Storytime: “The Siege”

Once upon a time, I was a storyteller. All of our religious traditions use the power of fiction and metaphor to illustrate truth. Here is a short story I wrote last year called “The Siege”. I hope it gives you something to think about. Enjoy.

“The Siege”

 

His mother tucked him in on the sofa with the green and blue quilt his grandmother had sewn for him. She was there too, on her crackling, arthritic knees, praying at his side.

“Lord, we know that through you all things are possible.” She tilted her age-creased face back and lifted her hands above her head. “Cleanse my grandson of this unclean spirit.”

His father, with a 12 gauge over his left shoulder, looked back at his family from the side of the dark bay window. The days-old stench of sweat and diarrhea soaked the air and curdled in his stomach as the illness siphoned life and fluid from his son. He coughed with his hand over his mouth and nose and said, “How’s the fever, Grace?”

His mother took the thermometer from the boy’s mouth and shook the mercury. She squinted at the reading in a living room starved of light. A smile unzipped across her face as her son groaned below her. “Down to 102!”

“Praise Jesus,” he said with a nod and turned away. He stuck his index finger into the scales of closed mini-blinds and scanned for more FBI agents. A blade of sunlight cut through the darkness and painted a dusty yellow ribbon on the carpet just below the boy. The mother and grandmother clapped and danced around him, singing hymns to a god they believed didn’t want the help of doctors. Dry sweat and mucus crusted on the boy’s face. His voice trembled and cracked beneath the thunder of song and praise as a request for water withered upon his last breath.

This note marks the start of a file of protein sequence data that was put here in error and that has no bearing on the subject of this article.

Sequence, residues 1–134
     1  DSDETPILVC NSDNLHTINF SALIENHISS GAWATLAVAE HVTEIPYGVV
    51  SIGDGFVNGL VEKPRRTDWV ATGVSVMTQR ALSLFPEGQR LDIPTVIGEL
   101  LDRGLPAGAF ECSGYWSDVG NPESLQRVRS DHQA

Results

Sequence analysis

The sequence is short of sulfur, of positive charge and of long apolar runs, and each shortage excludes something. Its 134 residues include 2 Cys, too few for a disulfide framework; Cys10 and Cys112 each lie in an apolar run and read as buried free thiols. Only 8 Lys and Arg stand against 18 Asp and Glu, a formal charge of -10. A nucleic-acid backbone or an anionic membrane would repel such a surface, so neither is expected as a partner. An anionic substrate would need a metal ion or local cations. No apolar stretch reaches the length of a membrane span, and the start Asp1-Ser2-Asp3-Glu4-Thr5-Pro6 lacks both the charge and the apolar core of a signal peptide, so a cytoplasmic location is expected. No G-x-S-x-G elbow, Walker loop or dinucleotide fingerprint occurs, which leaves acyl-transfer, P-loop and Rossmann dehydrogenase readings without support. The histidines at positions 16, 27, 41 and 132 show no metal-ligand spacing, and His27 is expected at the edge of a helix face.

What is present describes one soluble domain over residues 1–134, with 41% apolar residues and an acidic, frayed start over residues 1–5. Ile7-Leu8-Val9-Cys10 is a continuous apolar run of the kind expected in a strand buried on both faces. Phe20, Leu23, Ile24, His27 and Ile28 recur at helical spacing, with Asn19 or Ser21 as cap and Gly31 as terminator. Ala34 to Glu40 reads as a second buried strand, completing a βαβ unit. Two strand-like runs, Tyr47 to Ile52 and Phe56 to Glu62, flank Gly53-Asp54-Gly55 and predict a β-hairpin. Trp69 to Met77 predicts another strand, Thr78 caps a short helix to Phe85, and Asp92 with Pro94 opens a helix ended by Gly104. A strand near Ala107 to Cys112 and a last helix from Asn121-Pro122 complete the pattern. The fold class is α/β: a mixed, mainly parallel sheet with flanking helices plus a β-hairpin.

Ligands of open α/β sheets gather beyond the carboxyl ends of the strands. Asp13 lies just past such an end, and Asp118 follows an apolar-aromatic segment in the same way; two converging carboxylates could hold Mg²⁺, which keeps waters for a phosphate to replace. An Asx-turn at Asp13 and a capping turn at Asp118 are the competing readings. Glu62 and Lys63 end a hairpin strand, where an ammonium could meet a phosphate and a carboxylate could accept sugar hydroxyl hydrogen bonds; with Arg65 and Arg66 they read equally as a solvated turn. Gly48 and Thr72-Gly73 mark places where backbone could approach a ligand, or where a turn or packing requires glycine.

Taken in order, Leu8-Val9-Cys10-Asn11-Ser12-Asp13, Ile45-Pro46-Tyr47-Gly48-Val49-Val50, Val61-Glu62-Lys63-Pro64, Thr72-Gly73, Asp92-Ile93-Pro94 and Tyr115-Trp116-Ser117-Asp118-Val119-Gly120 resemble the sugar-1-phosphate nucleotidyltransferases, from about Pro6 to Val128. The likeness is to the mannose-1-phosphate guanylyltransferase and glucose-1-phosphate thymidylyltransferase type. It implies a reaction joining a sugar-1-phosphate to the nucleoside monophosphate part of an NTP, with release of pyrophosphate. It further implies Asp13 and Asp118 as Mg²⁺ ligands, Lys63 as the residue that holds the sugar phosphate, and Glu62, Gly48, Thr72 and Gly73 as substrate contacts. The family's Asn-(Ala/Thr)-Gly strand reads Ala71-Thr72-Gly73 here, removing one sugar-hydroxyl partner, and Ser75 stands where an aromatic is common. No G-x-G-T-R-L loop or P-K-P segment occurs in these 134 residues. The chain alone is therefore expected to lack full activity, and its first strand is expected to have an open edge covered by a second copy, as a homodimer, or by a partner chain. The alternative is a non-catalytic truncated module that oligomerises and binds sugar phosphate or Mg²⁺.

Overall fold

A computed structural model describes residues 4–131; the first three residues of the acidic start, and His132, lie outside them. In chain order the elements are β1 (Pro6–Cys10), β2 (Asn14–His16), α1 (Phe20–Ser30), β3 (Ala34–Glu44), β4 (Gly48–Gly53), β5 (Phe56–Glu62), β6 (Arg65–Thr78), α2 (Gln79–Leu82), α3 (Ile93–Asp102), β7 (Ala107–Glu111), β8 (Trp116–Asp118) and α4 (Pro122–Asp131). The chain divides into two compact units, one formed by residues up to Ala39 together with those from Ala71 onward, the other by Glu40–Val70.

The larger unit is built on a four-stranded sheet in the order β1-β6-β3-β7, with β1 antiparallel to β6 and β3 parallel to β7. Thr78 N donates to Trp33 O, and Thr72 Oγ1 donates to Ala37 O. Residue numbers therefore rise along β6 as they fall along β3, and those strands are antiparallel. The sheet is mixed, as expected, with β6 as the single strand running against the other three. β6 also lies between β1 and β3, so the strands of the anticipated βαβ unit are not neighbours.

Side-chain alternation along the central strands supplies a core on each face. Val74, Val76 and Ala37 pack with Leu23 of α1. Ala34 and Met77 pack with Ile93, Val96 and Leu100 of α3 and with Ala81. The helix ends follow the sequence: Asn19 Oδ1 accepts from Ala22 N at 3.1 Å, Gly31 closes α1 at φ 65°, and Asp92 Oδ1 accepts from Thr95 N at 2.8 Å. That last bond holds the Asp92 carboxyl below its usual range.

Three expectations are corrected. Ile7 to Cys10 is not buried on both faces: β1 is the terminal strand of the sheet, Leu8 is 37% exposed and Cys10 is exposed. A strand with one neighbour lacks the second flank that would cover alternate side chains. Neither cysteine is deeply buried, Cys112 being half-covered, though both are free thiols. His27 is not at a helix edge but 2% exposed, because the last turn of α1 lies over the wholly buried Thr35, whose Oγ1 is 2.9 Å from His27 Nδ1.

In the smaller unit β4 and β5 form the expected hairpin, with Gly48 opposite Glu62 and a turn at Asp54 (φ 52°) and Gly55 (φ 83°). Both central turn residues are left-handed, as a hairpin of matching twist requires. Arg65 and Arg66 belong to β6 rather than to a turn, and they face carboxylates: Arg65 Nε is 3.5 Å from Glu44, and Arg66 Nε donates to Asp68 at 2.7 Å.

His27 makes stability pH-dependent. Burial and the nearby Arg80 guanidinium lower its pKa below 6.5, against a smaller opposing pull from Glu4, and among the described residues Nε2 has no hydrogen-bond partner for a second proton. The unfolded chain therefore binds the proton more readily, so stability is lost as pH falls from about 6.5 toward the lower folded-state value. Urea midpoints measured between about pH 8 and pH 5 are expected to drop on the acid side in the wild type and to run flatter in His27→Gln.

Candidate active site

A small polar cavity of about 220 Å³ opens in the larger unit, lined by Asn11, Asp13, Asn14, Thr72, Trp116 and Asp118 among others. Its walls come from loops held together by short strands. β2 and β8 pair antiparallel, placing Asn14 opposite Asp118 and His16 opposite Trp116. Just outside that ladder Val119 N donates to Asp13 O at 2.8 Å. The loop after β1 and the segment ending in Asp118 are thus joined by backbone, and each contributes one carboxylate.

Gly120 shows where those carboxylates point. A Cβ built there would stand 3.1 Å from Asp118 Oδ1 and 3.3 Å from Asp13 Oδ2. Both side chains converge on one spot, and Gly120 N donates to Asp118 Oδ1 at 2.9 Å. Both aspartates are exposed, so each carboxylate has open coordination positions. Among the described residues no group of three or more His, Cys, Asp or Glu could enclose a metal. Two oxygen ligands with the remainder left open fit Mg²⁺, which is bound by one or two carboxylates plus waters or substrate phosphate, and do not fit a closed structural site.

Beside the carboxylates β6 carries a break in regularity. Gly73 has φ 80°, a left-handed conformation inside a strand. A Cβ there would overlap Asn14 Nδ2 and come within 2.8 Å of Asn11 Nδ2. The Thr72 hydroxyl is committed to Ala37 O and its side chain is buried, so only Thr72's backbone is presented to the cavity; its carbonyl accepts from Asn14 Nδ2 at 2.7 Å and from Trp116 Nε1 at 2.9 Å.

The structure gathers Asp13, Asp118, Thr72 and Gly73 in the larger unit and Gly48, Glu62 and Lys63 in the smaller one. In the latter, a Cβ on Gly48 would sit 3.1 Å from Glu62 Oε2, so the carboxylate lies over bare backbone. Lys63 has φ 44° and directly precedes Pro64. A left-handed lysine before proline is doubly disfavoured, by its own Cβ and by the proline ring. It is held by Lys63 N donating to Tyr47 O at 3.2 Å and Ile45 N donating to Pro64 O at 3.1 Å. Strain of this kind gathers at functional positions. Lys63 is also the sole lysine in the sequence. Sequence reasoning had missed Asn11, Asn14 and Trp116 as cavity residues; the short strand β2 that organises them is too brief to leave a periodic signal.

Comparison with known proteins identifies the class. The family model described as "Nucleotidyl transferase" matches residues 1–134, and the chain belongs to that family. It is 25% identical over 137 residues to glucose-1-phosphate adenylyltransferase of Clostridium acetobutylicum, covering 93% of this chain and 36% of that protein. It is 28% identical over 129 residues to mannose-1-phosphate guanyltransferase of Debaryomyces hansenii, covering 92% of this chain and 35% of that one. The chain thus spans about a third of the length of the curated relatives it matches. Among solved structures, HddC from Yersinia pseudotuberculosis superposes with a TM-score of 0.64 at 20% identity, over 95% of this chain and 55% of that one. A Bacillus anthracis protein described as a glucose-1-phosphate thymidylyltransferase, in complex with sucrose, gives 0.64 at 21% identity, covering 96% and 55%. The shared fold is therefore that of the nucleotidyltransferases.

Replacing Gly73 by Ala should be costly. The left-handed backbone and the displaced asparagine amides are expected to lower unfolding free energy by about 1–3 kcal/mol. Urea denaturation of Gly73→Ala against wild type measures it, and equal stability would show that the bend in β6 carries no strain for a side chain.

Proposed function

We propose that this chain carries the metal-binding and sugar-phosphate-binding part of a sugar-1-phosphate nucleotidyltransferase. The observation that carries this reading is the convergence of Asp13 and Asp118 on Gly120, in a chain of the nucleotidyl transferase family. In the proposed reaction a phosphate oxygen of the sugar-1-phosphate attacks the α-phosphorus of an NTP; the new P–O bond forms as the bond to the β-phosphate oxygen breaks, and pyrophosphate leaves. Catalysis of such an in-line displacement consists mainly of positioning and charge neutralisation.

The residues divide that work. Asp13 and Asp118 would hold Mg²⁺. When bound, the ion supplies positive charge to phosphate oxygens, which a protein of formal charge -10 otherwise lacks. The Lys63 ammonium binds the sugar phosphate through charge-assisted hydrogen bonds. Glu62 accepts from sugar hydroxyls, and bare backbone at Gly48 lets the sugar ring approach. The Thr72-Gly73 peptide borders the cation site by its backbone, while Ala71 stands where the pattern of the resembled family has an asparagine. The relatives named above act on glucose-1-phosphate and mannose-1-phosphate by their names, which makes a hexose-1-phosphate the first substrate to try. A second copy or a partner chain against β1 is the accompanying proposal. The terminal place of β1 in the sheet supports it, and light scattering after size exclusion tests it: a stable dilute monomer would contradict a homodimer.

Facebook Twitter Email Pinterest Digg Delicious Reddit Stumbleupon Tumblr
  • Lauren Elizabeth

    The sad thing is that this actually happens. My great-grandmother on my mother’s side was a believer in faith-healing. She refused to see a doctor when she got sick and she died. Four years later, her husband died leaving their fifteen children (although it may have only been eleven of them by that time) as orphans.

    • Anonymous

      You know, this presents a tough situation. I’m okay with folks who want to refuse treatment for themselves, but don’t involve a child who doesn’t know any better.

  • Lynne Pfeiffer

    This has been happening in Oregon for many years.  FINALLY this year the law is no longer allowing the Followers of Christ parents to just let their children die for lack of very basic medical care.  They are now being prosecuted and put in prison. 

    • Anonymous

      Tragic. I’m glad common sense and law are finally meeting there.

  • Kitsune

    Ive read this before, but I dont remember where you posted it….